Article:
Cooking for One


by Joy Loverde

A soft knock on my home-office door around noon always means it’s time to eat -- whether I’m hungry or not. I smile as I open the door. There stands my Mom, with arms outstretched, holding a large paper plate filled to the brim with a sandwich sliced in half, potato chips, butter pickles, a side of potato salad, and several cookies for desert. She warms my heart every time. Mom has come to bring me my lunch.

Several months back, Mom moved in with us, and her new focus in life is feeding Joy Loverde EVERY chance she gets. Having an Italian mother means food and love. They go hand-in-hand, and I mean to tell you she loves me a lot.  I haven’t the heart to tell her that I’m not typically hungry when she hands dishes out the huge lunch-time meal. That would be a major blow to her worth as my mother. Instead, I graciously accept the plate of food with a big smile and thank you.

Ever since her husband, Bill died Mom’s been at a loss for creating some kind of purpose in her life. Feeding Bill breakfast, lunch, and dinner used to be her number-one focus – that is until he died and then that role was replaced by me. The feeding of her family has always given Mom hours of daily pleasure. Every meal is carefully planned, prepared, and presented. Cooking for one is not something my Mom has ever known how to do.

Coming home from grade school around three-thirty every afternoon, my siblings and I went straight to the kitchen where that evening’s dinner was already a work in progress. Every meal was prepared from scratch. The smells emanating from Mom’s kitchen would rival the best of Italian restaurants. No wonder most Italians prefer home-cooking over eating out.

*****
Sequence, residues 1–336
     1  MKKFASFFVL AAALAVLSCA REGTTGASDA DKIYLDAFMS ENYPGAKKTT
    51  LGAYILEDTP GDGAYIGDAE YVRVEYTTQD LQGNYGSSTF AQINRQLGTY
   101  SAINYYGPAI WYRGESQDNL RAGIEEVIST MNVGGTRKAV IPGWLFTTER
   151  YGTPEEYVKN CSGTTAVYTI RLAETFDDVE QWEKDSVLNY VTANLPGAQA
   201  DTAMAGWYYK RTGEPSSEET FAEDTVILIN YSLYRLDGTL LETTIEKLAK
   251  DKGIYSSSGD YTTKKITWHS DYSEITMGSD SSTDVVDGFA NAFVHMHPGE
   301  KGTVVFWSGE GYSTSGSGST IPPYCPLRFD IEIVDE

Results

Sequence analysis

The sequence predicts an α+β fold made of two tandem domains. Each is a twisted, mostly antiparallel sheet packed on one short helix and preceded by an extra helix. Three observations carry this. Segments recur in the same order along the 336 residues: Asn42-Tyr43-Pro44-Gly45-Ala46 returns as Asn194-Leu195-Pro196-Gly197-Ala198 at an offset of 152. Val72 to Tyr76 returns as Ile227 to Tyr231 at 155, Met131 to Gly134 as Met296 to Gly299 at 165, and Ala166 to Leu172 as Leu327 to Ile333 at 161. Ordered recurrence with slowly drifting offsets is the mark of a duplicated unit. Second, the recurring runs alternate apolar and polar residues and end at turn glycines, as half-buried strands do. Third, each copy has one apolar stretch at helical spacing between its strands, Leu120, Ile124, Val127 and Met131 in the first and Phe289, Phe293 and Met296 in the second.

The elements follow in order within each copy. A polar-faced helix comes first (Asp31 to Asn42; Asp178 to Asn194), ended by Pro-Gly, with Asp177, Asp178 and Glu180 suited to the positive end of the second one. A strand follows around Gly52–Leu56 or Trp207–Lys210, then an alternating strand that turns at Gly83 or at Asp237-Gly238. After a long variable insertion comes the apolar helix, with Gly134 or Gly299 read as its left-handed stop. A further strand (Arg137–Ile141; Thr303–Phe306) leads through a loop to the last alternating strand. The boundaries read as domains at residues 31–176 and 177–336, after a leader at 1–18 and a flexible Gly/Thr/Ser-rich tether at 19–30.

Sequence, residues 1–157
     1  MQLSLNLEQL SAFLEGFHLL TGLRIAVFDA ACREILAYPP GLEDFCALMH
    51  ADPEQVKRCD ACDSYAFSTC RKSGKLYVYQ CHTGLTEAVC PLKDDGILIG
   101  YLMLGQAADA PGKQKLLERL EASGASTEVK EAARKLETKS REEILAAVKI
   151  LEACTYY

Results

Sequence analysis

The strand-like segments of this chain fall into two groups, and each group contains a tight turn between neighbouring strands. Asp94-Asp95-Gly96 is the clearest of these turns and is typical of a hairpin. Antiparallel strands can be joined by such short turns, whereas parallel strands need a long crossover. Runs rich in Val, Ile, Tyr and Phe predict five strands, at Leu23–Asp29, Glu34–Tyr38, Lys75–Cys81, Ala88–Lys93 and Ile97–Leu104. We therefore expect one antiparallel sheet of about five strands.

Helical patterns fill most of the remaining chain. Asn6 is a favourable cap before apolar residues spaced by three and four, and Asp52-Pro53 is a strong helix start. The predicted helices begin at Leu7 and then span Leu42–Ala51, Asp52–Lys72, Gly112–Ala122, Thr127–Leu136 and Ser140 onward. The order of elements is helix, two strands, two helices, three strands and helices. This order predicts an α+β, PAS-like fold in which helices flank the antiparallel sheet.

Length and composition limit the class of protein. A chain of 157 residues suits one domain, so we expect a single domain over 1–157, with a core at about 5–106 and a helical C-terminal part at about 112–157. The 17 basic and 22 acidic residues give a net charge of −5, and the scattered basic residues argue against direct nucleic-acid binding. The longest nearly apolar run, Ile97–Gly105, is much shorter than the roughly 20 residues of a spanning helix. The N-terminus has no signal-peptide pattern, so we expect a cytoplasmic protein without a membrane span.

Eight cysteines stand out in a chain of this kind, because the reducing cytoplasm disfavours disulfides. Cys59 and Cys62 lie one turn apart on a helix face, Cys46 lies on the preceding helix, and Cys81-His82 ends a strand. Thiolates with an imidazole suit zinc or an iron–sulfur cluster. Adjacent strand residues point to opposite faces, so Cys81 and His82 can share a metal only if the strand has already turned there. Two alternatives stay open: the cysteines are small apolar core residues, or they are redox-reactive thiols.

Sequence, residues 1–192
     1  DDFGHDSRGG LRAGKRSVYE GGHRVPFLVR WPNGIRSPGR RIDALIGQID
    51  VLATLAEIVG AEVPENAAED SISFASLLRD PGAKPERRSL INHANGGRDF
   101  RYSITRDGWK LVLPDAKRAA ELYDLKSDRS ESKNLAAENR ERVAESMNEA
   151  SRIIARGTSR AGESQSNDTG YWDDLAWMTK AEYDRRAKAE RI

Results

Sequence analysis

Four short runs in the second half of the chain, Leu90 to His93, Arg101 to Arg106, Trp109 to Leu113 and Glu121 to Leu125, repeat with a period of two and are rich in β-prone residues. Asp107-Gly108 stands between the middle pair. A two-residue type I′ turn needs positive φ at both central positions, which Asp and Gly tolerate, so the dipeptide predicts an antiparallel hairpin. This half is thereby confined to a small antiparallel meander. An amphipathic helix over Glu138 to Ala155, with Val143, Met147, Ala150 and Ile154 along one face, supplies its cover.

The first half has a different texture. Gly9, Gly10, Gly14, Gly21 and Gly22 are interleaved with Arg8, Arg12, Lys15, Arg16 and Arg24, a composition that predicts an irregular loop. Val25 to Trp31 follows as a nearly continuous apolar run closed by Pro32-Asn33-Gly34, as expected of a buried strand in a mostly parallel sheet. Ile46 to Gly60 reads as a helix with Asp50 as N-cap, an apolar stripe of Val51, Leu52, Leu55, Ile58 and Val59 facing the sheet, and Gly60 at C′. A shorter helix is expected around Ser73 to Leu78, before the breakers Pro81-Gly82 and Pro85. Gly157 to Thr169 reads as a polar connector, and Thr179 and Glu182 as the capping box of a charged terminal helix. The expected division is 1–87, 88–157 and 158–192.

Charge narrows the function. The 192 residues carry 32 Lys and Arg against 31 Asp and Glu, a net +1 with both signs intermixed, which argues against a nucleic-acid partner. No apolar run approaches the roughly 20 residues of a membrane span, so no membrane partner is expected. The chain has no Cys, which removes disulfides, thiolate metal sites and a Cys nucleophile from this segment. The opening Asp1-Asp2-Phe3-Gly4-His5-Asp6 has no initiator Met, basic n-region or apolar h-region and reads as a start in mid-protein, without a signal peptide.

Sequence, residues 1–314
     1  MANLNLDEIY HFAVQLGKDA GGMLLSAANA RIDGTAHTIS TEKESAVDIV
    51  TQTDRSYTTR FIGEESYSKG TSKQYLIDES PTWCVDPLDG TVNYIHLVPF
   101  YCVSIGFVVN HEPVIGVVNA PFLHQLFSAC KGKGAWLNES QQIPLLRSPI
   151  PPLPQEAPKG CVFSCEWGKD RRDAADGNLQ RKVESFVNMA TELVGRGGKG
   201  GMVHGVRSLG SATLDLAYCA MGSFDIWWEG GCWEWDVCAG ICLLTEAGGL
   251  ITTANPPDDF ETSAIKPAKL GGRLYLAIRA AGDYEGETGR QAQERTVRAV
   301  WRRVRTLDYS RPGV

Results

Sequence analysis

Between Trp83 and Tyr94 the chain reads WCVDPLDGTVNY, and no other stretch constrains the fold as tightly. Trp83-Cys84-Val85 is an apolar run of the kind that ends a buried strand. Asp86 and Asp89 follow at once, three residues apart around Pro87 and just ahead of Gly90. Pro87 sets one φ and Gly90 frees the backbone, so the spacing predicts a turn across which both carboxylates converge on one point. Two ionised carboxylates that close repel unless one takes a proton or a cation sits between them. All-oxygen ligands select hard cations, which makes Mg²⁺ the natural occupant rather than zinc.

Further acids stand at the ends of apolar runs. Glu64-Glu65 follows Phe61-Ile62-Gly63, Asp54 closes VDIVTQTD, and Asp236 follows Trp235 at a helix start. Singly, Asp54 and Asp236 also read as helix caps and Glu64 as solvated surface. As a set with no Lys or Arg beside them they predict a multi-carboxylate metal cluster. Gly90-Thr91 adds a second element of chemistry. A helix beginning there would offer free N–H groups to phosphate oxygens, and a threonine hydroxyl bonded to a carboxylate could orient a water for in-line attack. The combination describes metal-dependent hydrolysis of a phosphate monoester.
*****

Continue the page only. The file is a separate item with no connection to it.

I bring all of this up to make an important point. Creating a purposeful life as we age is one of the key elements of successful aging. In spite of aches and pains, successfully aging older adults make the effort to get out of bed, get dressed for the day, and hit the road running with a project or two. They are working, they are volunteering. They are teaching and they are blogging. All-in-all, successful agers are givers.

Roger Landry, M.D., president of Masterpiece Living repeatedly tells us, “When life seems pointless, finding meaning in our later years heads off depression and isolation.” And never is finding purpose in life more critical than in the family caregiver process.  In our American culture, which is pretty much void of honoring the aged, we almost always have to take it upon ourselves to help our elderly loved ones find a way to help break the vicious cycle of loneliness, neediness, depression, and self-centeredness among the older people in our lives. The rewards are many.  When our elders are engaged in living a life of purpose, it lessens their demands and dependence on us.

Encouraging your elders to pursue a more productive and engaged lifestyle can begin by asking them the kinds of questions that will help get them out of a rut. Perhaps the following questions will rekindle their zest for living a meaningful life:

What interests you?

What is important for you to do right now?

Is there a special talent that you can teach someone else?

Can you think of anyone who can use your help right now?

Have you considered volunteering for a cause that's important to you?


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